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Socially Acceptable; Products and Technologies must help to mitigate social issues frequently associated with marine aquaculture operations.
Examples of social mitigation would be that of possible noise control and that of improved worker safety
Cost Effective; Products and Technology must be cost effective in terms of economic feasibility, covering such issues as ease of deployments, decreased maintenance efforts and be readily integrated with existing operations and stock density ratios
Eco-Friendly; Products and Technologies must help to reduce the Environmental impact associated with the operational footprint, benthic nutrient loading, and escape interactions with wild fish stocks, among other environmental issues
Professionally Managed and Engineered Solutions; Products and Technology needs to be professionally proven and Due Diligence site specific engineering engaged to protect the client. An appropriate Quality Assurance Regime needs to be in place
A well mapped implementation plan “Roadmap” managed jointly and cohesively between Industry and the designated Regulatory and Government bodies. This will ensure a positive prospectus to potential stake holders and Investors Financial Institutions and Sustainability
Robust for Survival and Adaptable; Products and Technologies must allow for expansion into “High Energy Sites” Fish welfare is therefore a priority consideration of Technology and Product as well as planning
There are three main types of anchors in use today
The Deadweight or Clump weight,
The Pile or Pin
The Drag Embedment Anchor.
The Dead weight is probably the oldest style of anchor in existence. The holding power is generated by the mass of the material used and partly by the friction between the mass and the seabed. Common materials in use today include iron, steel and concrete. They have a very low efficiency.
The Pile is typically a hollow steel pipe, though pins from solid round bar can also
be used in smaller applications. These are generally installed by means of
hammers or drills. The holding power is generated by the friction of the soil along
the pile and lateral soil resistance. The pile normally has to be installed at a great
depth below the seabed to obtain the required holding capacity,
they can resist both horizontal and vertical loads.
Pile solutions are very expensive and the cost of installation usually exceeds the cost of the pile.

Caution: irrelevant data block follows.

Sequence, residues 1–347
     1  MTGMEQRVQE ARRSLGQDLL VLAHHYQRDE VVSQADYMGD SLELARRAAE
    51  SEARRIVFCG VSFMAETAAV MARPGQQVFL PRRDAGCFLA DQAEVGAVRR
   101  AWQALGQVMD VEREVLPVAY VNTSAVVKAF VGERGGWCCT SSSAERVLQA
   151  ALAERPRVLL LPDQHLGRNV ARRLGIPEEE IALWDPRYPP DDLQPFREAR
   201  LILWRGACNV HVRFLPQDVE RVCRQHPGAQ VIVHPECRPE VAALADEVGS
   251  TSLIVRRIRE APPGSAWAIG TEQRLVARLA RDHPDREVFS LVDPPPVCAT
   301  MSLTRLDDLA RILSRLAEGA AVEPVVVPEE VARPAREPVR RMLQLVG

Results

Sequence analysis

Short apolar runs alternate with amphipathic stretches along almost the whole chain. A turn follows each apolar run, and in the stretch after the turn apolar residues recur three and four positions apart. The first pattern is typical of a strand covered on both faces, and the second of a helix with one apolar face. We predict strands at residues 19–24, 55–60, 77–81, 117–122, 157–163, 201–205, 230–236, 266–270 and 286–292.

Drag Embedment Anchor
Drag Embedment Anchors are the most popular type of anchoring device available today.
The drag embedment anchor has been designed to penetrate into the
seabed, either partly or fully. The holding capacity of the drag embedment anchor
is generated by the resistance of the soil in front of the anchor.
The drag embedment anchor is very well suited for resisting large horizontal loads, but not for large vertical loads although there is some drag embedment anchors available today on the market that can accommodate some degree of vertical load.
The History of Drag Embedment Anchors
No one can be exactly sure when anchors were first used, though it is known that
anchors were used in ancient China as far back as 2000BC.
Typically they were large stones or baskets of stones connected to lines of vegetable fiber.
The weight of the stones and the degree of friction obtained on the seabed were what kept the vessel on station.
The introduction of iron into anchor manufacture saw new developments such as
teeth or flukes being built into the anchors, this allowed penetration into the seabed thereby offering improved stability and holding power. These anchors were primitive by any standards and as such often broke under the pressure of the loads.
Around 1813 curved “arms” were introduced to add further stability and
from 1852 onwards the “Admiralty Anchor” was introduced to service the ships of
Further refinements continued throughout the 19th century including the elimination of the stock, this improved handling and stowing ability of
the anchors, qualities still valued highly today.
Many anchor types have been developed through the years, some have
prospered, others have fallen by the wayside.
The most recent designs are based on the vast amount of experience gained from the use of anchors through the ages as well as extensive testing programs designed to make the new generation of anchors much more efficient then those of past times.
The following brief overview of the types of anchors in use today is presented to
give users a wider understanding of how anchors have evolved and the relative
efficiencies of each.
Based on certain characteristics of anchors such as fluke area, shank design and
stability it is possible to classify the various types of anchors. To enable a
comparison of anchor types an indication of anchor efficiency is provided.
Efficiency, is based on the holding capacity divided by the weight of the anchor
and is expressed as a ratio, e.g. 33:1 = 33 x anchor weight.
The anchors are classed from A, best performing to G worst performing.
These are slender highly engineered anchors with ultra penetration in which the
holding power extends to the third power of penetration. Efficiency above 50:1,
examples include the Stingray F and Stingray HD anchors. Stingray anchors can
exhibit efficiencies up to 200:1. These types of anchors may also allow uplift angles at the mud-line, for example Stingray anchors can accommodate loads at up to 20 degrees above the horizontal.
Anchors with elbowed shank allowing penetration into the seabed. These anchors have an efficiency of between 17 and 25:1 and include the Bruce SS, Bruce TS and AC-12 Bruce SS
Anchors with open crown hinge near the centre of gravity and relatively short
shanks with stabilizers. Typical efficiency of 14-25:1 and include Stevin, Stevfix
and Flipper Delta. Stevin Mk3 Flipper Delta
These are anchors with hinge and stabilizers at the rear and relatively long shanks and stabilizers. Efficiency range 8-15:1 and include the Danforth, LWT, Moorfast- Stato-Offdrill and Boss anchors.